Future nurse navigates COVID-19

Student identifies the old and new amidst a shifting medical landscape

written by: josephine pyles, guest writer
Photo courtesy of Xavier.edu
Jaylen Stackhouse explains how nursing program has changed and stayed the same during a global pandemic

According to the nursing majors here at Xavier, their studies are teaching them all about new ways to help people, especially in the midst of the pandemic.  

With their blue scrubs and crunch for time, it’s hard to miss nursing majors passing from class to class or making the infamous hike to the Cohen Center. 

Despite her busy schedule, senior nursing major Jalyn Stackhouse shared her perspective. 

“The greatest challenge school-wise would definitely be the classes. They really push you mentally and you have to be on top of everything,” Stackhouse said.  

Nursing majors stay busy. They begin working with patients in the clinic as early as their second year, which can be lot of pressure. 

“The most challenging aspect of clinicals is definitely being open to learning new things, even if they seem scary,” she said. “But being able to meet different patients and help them feel better is worth it.” As a fourth-year, Stackhouse says that she works in the clinic once per week from 7 a.m. to 7 p.m.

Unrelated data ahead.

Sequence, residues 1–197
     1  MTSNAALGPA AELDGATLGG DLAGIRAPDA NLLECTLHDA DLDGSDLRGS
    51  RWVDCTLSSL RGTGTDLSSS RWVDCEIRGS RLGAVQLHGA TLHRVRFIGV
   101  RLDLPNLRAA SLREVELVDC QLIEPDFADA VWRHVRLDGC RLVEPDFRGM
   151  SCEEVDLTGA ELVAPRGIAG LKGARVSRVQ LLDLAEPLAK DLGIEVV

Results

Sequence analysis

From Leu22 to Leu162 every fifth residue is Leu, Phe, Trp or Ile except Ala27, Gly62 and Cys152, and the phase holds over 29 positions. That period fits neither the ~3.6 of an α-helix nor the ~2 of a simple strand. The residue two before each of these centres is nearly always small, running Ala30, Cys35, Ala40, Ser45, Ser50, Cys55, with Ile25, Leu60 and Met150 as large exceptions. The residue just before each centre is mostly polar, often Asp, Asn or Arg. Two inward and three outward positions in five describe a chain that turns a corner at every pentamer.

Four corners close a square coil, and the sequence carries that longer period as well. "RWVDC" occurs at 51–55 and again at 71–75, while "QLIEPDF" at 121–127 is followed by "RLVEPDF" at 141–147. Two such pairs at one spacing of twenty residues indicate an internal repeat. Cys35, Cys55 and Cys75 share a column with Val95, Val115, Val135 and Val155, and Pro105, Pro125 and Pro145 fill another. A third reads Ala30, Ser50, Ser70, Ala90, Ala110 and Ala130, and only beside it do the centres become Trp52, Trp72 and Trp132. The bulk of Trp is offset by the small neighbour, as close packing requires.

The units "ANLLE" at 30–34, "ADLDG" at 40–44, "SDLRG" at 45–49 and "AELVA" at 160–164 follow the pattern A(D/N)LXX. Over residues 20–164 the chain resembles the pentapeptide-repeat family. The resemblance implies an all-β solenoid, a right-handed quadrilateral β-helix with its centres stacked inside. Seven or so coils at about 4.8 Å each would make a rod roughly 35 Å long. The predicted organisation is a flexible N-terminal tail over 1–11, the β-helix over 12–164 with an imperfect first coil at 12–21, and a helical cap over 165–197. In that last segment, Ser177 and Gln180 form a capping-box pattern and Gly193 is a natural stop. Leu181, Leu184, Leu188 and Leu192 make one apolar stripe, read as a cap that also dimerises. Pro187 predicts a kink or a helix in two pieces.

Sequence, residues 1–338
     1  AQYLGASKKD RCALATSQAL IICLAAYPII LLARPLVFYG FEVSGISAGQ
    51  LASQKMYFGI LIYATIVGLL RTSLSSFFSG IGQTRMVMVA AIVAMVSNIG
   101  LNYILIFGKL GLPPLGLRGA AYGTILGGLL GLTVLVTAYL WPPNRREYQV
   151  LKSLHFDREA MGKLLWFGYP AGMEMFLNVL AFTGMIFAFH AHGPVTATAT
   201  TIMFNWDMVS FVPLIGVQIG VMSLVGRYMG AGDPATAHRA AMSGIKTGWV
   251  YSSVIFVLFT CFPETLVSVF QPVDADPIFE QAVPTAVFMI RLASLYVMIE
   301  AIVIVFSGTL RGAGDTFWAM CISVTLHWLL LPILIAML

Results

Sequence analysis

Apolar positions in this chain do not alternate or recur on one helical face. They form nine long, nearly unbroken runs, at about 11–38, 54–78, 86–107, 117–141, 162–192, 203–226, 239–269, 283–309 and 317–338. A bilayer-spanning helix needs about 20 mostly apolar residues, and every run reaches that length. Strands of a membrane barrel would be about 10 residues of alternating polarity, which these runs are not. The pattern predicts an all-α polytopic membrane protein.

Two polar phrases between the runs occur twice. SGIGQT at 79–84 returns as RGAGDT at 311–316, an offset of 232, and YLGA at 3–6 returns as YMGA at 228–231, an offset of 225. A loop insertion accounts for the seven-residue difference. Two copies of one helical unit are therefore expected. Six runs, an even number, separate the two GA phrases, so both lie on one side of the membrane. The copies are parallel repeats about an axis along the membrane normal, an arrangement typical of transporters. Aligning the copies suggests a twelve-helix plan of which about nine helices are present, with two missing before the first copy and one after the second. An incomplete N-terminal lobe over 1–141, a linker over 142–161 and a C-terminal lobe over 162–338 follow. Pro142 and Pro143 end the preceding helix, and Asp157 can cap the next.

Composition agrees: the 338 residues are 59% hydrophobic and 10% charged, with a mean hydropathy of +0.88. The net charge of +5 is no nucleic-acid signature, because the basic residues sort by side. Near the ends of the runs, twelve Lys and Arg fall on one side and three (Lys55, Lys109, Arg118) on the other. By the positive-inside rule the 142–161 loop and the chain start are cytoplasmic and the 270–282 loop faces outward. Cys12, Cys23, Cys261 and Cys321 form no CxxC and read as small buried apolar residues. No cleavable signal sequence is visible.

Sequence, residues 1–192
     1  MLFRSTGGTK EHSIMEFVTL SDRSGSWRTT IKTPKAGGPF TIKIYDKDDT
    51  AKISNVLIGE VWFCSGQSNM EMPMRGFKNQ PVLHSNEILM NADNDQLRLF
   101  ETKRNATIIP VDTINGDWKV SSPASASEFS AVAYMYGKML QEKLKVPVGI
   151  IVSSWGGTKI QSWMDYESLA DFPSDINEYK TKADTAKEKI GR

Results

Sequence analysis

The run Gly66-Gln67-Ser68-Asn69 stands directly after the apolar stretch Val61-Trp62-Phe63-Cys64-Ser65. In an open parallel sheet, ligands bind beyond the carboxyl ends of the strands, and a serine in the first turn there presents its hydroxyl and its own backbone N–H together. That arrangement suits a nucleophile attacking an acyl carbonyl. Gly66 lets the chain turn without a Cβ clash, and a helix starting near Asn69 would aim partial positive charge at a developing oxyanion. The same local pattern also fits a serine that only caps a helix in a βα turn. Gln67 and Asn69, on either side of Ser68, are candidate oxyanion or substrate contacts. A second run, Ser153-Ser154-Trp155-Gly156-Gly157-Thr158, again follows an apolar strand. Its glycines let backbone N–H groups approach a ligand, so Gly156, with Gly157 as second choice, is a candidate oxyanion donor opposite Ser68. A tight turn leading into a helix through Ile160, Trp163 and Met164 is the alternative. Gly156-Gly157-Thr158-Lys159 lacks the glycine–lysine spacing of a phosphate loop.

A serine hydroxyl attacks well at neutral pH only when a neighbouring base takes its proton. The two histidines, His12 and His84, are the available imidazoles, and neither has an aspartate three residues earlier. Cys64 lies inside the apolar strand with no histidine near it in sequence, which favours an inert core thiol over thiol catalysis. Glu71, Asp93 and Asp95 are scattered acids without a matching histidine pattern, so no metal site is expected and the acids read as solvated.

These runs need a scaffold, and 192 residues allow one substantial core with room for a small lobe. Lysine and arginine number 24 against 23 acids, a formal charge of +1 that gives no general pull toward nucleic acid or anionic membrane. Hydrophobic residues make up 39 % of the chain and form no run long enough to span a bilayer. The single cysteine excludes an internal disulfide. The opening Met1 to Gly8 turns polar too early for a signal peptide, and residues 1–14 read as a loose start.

“I love doing clinicals at UC Health West Chester hospital,” she said, “I’ve met so many amazing nurses and people there.” 

Stackhouse said that her hospital has been very diligent about enforcing the new COVID-19 protocols. 

“Even to get into the hospital, everyone has to wear a mask,” Stackhouse said. “And usually temperatures are taken before you walk past the front desk.” 

Stackhouse then discussed how COVID-19 protocols have changed the way she cares for patients. 

“Nursing students are prohibited from caring for COVID patients,” Stackhouse said. “But we have to wear a mask, goggles and face shield at all times with every patient.” 

Despite these protocols, the way students care for their patients hasn’t necessarily changed. 

Nursing students have still been able to provide exceptional care to their patients with new safety measures to protect the community, 

“Nothing really changed in the clinical setting as far as care, just how we protect ourselves,” Stackhouse said. 

Although things have changed, nurses students have been getting through this difficult time is supporting one another. 

“We really just try to find stuff to do on the floor to help any of the nurses,” Stackhouse said. “Some patients may have testing or procedures, so we go with them to help each other out.” 

Today’s nurses are adapting to many changes as the pandemic evolves, but keeping a positive attitude has been the biggest inspiration for Stackhouse. 

“You have to stay optimistic,” she said. “It reminds us of our purpose. And it reminds patients that we’ll always be there to help.”